Traditionally, institutional investors used a money manager to run a portion of the institution's money and make all the investment decisions. Until recently, individual investors could only get access to these managers if they had millions of dollars to invest.
But in recent years, the minimum investment requirements - and, just as importantly, costs - have come way down.
When you open a managed account, it means you have signed a limited power of attorney to let an investment professional run your portfolio or some portion of it. Generally speaking, the manager will begin by determining your investment goals, time horizon and risk tolerance. A 70-year-old widow's portfolio, for example, may look very different than a 25-year old couple's.
Here are the benefits of a professionally managed account:
1. Custom asset allocation. The portfolio is based on your personal investment goals, not a general strategy like "growth" or "income."
2. Transparency. Unlike mutual funds, you know what's in your account. You can see what you own.
3. Tax management. Your portfolio can be run so that annual state or federal taxes are minimized.
4. Competitive fees. Account managers generally charge a flat annual fee rather than full-service brokerage commissions.
5. Performance. Managed accounts often offer the services of top money managers using investment systems with favorable track records.
6. Convenience. If you are too busy to give your investments the attention they deserve - or if you are an inexperienced or emotional investor - having a professional run your portfolio may be your best solution.
Of course, managed accounts have drawback too. For starters, there are all kinds of money managers: good, bad and mediocre. Clearly, it's not worth paying for anything less than the best manager you can find.
Then there is the matter of costs. Managed accounts are generally cheaper than using a full-service broker in a transaction-based relationship. Still, no one can manage your money more inexpensively than you can on your own.
Managed accounts are generally not for do-it-yourselfers. If you enjoy the investment process, have the time and expertise to implement your own investment strategy, and are satisfied with your results, you don't need to turn your money over to someone else to manage.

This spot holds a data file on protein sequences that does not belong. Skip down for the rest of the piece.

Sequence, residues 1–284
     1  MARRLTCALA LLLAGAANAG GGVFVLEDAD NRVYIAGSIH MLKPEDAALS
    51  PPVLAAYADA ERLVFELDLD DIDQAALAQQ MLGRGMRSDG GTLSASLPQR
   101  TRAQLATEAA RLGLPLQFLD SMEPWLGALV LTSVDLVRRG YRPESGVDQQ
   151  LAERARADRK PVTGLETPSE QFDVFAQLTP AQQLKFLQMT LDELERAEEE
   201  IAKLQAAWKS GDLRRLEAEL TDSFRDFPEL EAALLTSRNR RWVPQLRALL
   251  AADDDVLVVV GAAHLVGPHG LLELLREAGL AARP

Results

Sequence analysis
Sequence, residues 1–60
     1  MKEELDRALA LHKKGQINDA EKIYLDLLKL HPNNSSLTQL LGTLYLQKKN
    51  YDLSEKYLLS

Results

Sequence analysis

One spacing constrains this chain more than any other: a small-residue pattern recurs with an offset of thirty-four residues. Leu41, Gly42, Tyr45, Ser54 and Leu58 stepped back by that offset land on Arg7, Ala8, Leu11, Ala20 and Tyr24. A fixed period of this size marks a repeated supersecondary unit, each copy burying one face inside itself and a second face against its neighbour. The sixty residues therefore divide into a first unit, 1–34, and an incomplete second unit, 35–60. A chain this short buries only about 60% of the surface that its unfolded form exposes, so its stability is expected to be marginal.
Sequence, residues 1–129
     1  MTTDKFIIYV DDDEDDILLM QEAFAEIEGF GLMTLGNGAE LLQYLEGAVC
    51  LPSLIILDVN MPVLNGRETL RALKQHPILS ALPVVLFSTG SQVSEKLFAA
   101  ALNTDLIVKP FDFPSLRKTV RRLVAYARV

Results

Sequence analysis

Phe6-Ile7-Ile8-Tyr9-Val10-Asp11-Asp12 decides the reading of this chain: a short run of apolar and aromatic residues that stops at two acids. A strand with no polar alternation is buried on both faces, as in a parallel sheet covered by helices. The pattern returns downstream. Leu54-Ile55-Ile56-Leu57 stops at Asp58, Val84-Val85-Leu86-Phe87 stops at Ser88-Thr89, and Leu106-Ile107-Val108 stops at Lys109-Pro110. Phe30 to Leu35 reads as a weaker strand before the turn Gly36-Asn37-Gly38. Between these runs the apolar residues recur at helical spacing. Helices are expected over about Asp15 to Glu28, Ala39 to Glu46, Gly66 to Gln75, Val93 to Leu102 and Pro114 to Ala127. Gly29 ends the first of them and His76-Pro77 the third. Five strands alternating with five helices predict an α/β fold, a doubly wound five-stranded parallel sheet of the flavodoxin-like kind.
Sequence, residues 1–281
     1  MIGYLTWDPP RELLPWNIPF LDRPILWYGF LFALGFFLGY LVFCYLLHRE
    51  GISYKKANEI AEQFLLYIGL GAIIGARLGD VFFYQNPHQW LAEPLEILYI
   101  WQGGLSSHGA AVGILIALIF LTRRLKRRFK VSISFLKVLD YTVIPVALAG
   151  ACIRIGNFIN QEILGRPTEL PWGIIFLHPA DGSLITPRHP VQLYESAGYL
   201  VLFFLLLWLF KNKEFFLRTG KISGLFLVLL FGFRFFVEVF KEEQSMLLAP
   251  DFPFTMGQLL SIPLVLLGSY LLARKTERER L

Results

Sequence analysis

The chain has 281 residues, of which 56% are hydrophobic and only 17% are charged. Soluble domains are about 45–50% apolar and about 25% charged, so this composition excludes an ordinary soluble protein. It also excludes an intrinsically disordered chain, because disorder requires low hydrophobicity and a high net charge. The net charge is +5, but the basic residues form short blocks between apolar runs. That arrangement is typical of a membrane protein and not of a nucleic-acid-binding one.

I recently spoke with Greg Galloway, President of Fund Advisors in Orlando, FL, who runs some managed accounts based in part on The Oxford Club's asset allocation and investment recommendations. I asked him to address the drawbacks I just mentioned.
"Look," he said with a laugh, "I'll be the first to concede that managed accounts aren't for everybody. However, I speak to a lot of investors who realize they could be doing a lot better than they are. They know they should asset allocate their portfolios, but they don't. Or they aren't sure how. They don't want to be over- or under-diversified, but we look at their portfolios and see that they are. They know they should run trailing stops behind their stocks, but they get distracted or forget. Many of these people are smart, sophisticated investors, incidentally. They're just too busy running a company, taking care of their families or pursuing their interests to give their portfolios the attention they deserve."
How about investors who say they can save money by doing it on their own?
"You may be able to do it more cheaply on your own," says Greg. "But, remember, the most important question is not 'what are my costs?' It's 'Am I satisfied with my investment returns net of whatever fees I'm paying?' If the job isn't getting done, you may want some help."
In the end, whether or not you need to consider a managed account really boils down to whether or not you prefer to grow your own tomatoes. Stick with me a moment…
Some people are natural gardeners. They want to till the soil, plant the seeds, water them, fertilize them, weed them and, eventually, harvest them. When they eat those tomatoes, they have the pride and satisfaction of knowing they raised them themselves.
Other folks are uninterested, unqualified, or too busy to grow their own tomatoes. They stop at the Farmer's Market on the way home and just pick up a bag.